3. Just got off the phone with the IT guy where I work. I asked him about Macs and he snickered. Snickered! That’s all I needed, but he went on. “Who wants a Fisher-Price computer?” he said. He’s right. This knee-jerk reactionary article from a newspaper columnist lacks the fact checking, research and insight that my IT guy clearly has.

    I don’t think telling people to buy a computer from “one of the oldest manufacturers in the PC business” is in the best interests of the consumer either. Computers have changed a lot since the mid-1970’s when Apple’s Unix was first distributed. Hey Apple, get with the times. If you want to stay on top of the technology stick with the guys who have consistently led the development of hardware and software with creative, fresh, innovative thinking: Dell + Microsoft. Their stuff is “People Ready” unlike those archaic toys from Cupertino.

    Your potential. Our passion.

  4. This “Zune Tang” character is nothing more than a middle-aged, balding, fat man who lives with his mother. He is searching for his first good job, and rides a scooter to-and-fro.

    He sits at his desk an average of 83% of the day and checks into MDN every 6.4 minutes. He is a closet Mac user due to the fact that his group of IT friends all use Microsoft products.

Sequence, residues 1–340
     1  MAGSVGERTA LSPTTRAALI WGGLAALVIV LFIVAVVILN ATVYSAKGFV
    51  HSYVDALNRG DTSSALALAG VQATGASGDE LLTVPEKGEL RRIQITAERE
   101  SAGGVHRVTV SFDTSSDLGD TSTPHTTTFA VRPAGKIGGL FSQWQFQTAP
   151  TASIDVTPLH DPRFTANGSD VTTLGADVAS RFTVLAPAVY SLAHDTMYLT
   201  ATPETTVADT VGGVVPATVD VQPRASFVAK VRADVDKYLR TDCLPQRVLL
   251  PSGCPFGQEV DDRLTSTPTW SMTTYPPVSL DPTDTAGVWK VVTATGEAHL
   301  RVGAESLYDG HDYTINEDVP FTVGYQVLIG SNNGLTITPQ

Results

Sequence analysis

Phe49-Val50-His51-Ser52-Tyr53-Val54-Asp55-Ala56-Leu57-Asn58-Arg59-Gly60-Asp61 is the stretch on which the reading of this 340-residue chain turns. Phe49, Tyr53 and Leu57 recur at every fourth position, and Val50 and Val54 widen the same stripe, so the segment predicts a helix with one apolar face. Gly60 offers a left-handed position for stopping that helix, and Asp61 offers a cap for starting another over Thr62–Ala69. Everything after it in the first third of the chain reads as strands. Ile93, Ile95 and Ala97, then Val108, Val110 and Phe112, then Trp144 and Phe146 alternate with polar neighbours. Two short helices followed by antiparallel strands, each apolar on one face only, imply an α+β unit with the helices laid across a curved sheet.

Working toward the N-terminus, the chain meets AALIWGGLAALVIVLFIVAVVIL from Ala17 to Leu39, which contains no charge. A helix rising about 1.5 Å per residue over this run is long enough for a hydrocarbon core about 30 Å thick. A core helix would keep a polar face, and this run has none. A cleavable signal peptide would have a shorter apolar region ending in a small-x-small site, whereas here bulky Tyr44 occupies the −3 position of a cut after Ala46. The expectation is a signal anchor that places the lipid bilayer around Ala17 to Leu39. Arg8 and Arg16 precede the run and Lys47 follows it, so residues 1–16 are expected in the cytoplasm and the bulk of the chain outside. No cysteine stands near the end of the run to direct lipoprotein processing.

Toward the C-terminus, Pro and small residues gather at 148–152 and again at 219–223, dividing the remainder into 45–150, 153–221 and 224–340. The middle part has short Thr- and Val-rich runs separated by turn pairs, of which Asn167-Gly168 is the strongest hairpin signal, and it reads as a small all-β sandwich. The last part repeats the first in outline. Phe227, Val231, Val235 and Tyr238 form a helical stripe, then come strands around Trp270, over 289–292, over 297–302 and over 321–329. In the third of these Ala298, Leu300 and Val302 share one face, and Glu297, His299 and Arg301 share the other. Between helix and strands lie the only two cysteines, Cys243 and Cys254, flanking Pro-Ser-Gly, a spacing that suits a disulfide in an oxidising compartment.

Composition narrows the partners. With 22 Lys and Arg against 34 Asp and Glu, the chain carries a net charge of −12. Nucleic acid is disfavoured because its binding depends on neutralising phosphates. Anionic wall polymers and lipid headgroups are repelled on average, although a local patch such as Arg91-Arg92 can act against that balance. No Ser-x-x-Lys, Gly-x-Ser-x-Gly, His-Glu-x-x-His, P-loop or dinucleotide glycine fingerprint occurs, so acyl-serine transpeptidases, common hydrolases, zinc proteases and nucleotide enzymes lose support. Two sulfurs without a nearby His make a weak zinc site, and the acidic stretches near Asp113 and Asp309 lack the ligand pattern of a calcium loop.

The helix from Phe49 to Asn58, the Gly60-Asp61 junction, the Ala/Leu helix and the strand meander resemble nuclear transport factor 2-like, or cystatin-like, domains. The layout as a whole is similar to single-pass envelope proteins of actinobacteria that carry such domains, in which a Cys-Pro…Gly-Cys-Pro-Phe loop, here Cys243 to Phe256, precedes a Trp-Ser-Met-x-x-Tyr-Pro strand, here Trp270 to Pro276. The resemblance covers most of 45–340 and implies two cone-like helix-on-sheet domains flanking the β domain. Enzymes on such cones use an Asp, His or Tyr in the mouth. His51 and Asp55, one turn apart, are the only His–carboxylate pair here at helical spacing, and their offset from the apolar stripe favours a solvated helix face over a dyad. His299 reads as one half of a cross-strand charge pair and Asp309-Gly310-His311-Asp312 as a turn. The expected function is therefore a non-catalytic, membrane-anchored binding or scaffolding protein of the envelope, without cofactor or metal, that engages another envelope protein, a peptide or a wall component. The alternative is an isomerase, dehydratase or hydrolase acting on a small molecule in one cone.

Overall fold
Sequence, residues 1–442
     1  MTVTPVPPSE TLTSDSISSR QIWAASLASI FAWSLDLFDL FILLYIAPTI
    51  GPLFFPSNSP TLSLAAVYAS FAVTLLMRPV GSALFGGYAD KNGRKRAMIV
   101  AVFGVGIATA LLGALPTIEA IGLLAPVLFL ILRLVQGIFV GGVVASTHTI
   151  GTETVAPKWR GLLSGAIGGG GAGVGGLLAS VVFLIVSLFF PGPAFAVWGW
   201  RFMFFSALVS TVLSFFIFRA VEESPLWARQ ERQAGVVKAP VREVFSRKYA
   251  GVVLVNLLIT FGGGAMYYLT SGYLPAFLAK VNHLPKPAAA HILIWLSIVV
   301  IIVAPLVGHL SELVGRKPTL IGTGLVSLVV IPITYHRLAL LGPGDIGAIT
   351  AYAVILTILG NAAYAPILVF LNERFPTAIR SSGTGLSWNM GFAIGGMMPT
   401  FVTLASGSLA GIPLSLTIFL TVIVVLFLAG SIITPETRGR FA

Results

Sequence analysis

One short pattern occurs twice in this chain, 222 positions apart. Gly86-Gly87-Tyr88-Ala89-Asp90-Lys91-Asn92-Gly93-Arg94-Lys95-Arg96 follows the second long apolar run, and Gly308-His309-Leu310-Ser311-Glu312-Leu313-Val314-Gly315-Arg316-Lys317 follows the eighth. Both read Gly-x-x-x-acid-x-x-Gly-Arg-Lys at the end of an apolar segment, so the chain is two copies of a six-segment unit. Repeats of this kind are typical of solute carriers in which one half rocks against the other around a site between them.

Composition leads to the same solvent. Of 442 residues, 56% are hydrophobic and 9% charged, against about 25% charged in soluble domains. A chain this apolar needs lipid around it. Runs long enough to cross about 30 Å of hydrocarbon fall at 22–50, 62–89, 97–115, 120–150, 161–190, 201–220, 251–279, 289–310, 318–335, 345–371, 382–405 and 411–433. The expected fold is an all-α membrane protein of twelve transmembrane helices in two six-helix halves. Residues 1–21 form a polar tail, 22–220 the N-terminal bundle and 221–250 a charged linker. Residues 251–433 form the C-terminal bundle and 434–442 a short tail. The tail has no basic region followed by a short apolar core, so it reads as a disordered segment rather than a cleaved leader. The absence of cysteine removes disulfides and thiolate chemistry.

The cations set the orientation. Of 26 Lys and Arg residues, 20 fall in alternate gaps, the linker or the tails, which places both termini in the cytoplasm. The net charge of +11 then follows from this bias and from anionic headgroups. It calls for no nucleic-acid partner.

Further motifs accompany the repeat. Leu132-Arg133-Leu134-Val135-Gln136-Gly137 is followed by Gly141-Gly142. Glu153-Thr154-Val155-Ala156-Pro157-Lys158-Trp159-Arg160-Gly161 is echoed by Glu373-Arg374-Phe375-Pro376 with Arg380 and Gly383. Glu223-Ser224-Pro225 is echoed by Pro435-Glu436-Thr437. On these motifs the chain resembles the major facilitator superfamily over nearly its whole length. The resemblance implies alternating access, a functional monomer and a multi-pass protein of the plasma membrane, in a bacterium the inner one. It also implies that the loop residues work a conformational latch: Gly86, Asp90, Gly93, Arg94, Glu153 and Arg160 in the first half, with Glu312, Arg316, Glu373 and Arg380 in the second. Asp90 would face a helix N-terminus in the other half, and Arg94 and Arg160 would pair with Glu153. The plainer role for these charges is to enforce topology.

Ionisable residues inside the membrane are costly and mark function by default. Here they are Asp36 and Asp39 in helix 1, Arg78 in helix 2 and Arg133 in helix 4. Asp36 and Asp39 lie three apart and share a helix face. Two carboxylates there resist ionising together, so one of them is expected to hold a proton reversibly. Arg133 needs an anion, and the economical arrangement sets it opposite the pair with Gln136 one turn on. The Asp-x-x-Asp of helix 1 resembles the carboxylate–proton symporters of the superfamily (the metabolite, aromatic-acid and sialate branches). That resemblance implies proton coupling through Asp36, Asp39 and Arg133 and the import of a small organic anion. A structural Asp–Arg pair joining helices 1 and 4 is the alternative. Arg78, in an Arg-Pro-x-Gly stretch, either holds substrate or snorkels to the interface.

He posts these “Devil’s Advocate” blogs because his friends know his screen name, and check in to see what he is saying. This way, the network of Microsoft IT guys can stay in the trance that they are in, and make sure that others stay in as well.

    Now, he will try and deny my words about him. This much is forseen. Pity unto those who deny the word of God.

    Actually, I don’t care all that much. I’ll enjoy the false rebuttle.

  5. Wow. As I stand before God I cannot deny that which is true. I must say it is quite humbling to be put on such a pedestal—by the Almighty no less.

    I bear no grudge in you exposing me to the world. Like Microsoft, you have a plan. I am a little curious though. How did it work out that all of those men and women in Redmond are smarter than you? I mean Vista and the Zune. They’re awesome! Something even beyond your divine guidance is undeniably afoot at Microsoft.

    You can count on me as your humble servant to fight the good fight against Satan’s evildoers in Cupertino. I will not be tempted by the iPod and all of it’s empty promises.

    BTW it isn’t a scooter. Its a moped. I thought you knew that.

    Your potential. Our passion.

  6. As an IT guy, let me tell you some screts about IT guys:

    a) they will advise you only about things they know about, and criticise those they don’t. Corporate IT people often have never laid a hand on a Mac, but defensively criticise what they don’t understand. They assume you will be calling them about every little thing (because you will on a Windows PC) and they will have to support you, and they fear that you are going to ask them something about your nice new Mac and they will look stupid.

    b) they think certain things are incredibly important that a real-world person doesn’t. eg: the sheer horror of an iMac not having PCI slots, or not being able to boot off their extra special support tools boot floppy.

    Open your mind, try things for yourself, make your own decisions.

    I mean, when you’re buying a car, do you buy what the dealertells you? Same dealio.